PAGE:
Written by attorney Nicholas M. McLeod

Guidelines and Tips for Testifying at Unemployment Insurance Hearings

Your only goal is to tell the truth. Your credibility is your case.

DO NOT allow yourself to be led into giving answers that aren’t 100% correct by the other lawyer, representative, or even the Judge. They are not always interested in the truth, and they may want you to say what they want you to say. Be careful of the words “would it be fair to say…" or “let me see if I understand what you are saying…" If that’s not what you were saying, speak up.

LISTEN CAREFULLY to each question, and answer only the question. Focus on the first word of each question. If it’s a “who?" question, name a person…a “when?" question, name a time…a “where?" question, name a location. If you can answer a question with a “yes" or “no", do that and wait for the next question.

Do not volunteer information. Your attorney will always have the opportunity to ask you the follow up questions, if necessary. Silence is your friend once you’ve answered the pending question.

Be certain you understand the question before answering. If you misunderstand the question, you will not be able to answer truthfully or accurately. You may ask for questions to be repeated or rephrased.

You don’t get points for fast answers. Not only is it important to understand the questions, but part of your attorney’s job is to object to questions that are unfair, irrelevant, compound, vague, or confusing. If you answer questions too quickly, you may limit your attorney’s usefulness.

Under no circumstances should you speculate or guess as to an answer. You will be sworn to tell the truth, so if you don’t know an answer, just say “I don’t know". By the same token, you should know the facts of your case and be prepared to answer questions about your case on the record.

There is a big difference between what you know personally or what you know from past experience and what you have learned by other means. If you attempt to present hearsay information (rumors, gossip, stories) as firsthand observation, it will hurt your credibility.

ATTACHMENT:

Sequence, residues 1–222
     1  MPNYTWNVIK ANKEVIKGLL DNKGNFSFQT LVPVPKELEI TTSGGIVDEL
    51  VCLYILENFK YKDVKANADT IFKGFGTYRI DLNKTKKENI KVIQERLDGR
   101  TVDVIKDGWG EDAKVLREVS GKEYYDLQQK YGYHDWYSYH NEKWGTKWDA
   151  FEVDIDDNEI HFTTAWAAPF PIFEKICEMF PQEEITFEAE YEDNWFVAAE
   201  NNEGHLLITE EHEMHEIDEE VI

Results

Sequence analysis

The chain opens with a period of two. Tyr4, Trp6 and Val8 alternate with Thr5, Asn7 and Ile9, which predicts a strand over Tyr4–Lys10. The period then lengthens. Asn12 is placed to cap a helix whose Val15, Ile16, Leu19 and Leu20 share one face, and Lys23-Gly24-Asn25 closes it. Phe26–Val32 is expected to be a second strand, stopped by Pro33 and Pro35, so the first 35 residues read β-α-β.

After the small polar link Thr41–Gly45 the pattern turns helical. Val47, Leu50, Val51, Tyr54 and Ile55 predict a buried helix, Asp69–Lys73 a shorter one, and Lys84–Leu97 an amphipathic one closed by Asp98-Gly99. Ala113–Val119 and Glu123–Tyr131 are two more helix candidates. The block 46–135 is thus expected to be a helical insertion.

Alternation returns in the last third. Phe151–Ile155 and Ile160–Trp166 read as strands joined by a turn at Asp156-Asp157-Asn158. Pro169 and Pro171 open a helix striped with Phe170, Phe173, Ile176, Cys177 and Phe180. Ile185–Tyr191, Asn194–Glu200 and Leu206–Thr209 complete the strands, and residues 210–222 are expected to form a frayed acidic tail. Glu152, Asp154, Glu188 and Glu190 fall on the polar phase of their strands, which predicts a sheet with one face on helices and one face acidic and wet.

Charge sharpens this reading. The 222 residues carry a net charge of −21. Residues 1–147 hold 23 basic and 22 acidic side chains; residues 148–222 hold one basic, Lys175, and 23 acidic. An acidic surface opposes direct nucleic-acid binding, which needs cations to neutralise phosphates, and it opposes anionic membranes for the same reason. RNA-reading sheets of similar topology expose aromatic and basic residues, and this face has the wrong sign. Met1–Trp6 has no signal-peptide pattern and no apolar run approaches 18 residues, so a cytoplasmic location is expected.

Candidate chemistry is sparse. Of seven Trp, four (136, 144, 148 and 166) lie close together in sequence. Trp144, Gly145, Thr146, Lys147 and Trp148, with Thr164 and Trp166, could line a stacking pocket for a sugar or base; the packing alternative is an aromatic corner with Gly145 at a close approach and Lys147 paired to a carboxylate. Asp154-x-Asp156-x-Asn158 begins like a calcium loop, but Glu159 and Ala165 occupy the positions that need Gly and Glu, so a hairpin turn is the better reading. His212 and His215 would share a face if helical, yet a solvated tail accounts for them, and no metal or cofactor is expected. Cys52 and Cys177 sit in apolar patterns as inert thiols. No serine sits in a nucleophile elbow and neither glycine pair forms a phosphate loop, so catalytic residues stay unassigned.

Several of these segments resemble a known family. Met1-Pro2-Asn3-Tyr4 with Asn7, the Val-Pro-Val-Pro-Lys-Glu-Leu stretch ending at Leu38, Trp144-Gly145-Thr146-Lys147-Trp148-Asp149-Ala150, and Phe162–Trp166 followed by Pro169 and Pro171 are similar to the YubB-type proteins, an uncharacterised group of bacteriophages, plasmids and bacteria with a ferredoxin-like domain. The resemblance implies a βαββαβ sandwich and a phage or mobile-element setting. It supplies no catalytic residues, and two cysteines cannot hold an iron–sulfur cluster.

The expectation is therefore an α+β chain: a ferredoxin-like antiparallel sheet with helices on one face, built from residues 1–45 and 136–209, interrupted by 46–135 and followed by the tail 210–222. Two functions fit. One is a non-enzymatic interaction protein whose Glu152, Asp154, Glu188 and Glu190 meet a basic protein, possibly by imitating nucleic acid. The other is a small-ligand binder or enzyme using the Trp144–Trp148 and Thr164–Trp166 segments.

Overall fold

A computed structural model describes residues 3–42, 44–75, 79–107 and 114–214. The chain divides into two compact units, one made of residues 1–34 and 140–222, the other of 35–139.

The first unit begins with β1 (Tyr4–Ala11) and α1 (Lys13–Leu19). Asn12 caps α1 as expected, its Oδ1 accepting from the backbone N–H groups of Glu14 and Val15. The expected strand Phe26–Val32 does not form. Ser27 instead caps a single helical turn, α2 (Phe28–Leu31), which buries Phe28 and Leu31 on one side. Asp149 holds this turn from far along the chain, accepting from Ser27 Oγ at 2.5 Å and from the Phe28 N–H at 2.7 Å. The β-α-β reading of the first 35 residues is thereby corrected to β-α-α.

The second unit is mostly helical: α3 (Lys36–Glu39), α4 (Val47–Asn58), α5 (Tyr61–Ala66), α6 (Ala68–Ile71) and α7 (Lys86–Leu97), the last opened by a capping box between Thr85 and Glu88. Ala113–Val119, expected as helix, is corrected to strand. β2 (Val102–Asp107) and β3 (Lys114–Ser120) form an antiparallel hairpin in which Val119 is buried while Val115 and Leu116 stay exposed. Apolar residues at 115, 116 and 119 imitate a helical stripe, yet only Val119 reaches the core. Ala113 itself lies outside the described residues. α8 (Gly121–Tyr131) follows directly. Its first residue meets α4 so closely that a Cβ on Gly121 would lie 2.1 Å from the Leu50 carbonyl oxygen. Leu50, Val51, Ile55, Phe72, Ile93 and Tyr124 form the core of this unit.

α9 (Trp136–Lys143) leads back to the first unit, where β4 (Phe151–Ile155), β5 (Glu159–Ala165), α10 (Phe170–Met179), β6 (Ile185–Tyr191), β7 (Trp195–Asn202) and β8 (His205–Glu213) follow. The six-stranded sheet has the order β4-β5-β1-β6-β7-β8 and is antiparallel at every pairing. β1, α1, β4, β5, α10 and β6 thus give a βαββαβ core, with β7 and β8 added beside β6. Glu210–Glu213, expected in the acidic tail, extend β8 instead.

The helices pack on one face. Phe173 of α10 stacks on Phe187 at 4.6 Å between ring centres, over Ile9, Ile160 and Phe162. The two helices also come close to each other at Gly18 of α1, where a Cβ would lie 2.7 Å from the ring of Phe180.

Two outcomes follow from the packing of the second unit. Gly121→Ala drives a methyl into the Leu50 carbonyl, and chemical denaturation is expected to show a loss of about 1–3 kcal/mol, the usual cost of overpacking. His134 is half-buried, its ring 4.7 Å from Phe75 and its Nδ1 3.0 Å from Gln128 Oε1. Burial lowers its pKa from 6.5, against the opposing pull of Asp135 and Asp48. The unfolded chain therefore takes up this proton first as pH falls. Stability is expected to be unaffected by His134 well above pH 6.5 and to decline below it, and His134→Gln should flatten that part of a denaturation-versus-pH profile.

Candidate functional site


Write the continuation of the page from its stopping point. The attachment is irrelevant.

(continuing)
Control your emotions. Do not get angry or upset during your hearing.

Be cognizant of attorney tactics. Some lawyers may use the silent treatment, bullying, or even illusory friendliness to serve the interests of their client during your testimony. Ignore the other representative’s demeanor, attitude, and tone of voice.

Do not hedge or equivocate about answers when you’re certain as to the answers. Words like “to the best of my recollection" or “as best as I can remember" may appear evasive or may suggest that you doubt your credibility or ability to recall facts.

Do not try to figure out where the questioner is going. It is your job to answer questions.

Look the Judge and/or the questioner in the eye when you are testifying. If you look at your attorney before answering questions other people ask you, it will appear that you have something to hide.

Do not try to conform your testimony to what other people say under oath just to appear to be in agreement with them. If your memory is different from what someone else said, that is fine, provided you are confident that you are correct.

Listen carefully to objections. The Judge will rule on the objections by saying whether it is sustained or overruled. If it is overruled, you must answer, but keep in mind that there is a reason for your attorney’s objection. You may want to ask for the question to be rephrased or repeated if you can’t remember the question or do not know how to answer.

Documents will be introduced at your hearing. Share any exhibits with your attorney, and read every document carefully before answering questions about it. Specifically, note the date, letterhead, subject, and who prepared it.

If you are asked a hypothetical question and asked to respond to a question based on an assumption, restate what assumptions you are making and make it clear that you do not agree that those facts actually occurred.

Do not use phrases like “truthfully", “honestly", or “to be honest with you". You will be sworn in, and it is presumed that you are telling the truth. If you use any of these phrases in everyday speaking, try to leave them out of the hearing.

Do not speak in absolutes. Never say never (or always). If you say you never did something, you might find yourself squirming if the opposing attorney produces evidence showing an exception to your absolute declaration. Instead, it is better to say “not that I can recall", or use terms like “seldom/usually/typically", to “leave the door open" for yourself.

Don’t be too defensive. Some things you must admit or concede.

Humor, jokes, and sarcasm have no place in the hearing. The Judge may be friendly and even banter or joke before the hearing. Once the record is open, it’s all business.

Do not think out loud when you are testifying.

Sit up straight, and keep your hands in your lap.

Remember, you’re testifying for the record, not just the people in the room.

Do not question or disrespect the person asking you questions. Address the Judge as “Sir", Ma’am", “Judge", or “Your Honor". Address the opposing attorney or representative with respect as well.

You will know when it’s your turn to testify. Do not interrupt anyone else’s testimony during your hearing.

Protect your credibility.

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